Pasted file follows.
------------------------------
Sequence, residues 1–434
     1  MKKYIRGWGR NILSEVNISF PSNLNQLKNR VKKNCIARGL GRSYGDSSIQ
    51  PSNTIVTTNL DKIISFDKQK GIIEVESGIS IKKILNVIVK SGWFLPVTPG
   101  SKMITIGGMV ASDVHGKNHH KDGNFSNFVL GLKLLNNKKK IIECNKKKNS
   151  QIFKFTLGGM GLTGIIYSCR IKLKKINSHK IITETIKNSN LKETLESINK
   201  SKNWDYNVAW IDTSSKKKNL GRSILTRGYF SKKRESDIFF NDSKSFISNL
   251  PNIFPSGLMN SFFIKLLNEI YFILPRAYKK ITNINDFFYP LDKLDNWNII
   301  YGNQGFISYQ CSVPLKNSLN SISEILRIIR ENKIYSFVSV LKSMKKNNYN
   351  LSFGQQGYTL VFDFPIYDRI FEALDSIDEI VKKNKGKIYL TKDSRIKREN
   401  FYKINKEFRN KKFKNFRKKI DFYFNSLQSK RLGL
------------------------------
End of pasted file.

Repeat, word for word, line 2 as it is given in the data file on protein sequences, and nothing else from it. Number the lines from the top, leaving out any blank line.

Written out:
     1  MKKYIRGWGR NILSEVNISF PSNLNQLKNR VKKNCIARGL GRSYGDSSIQ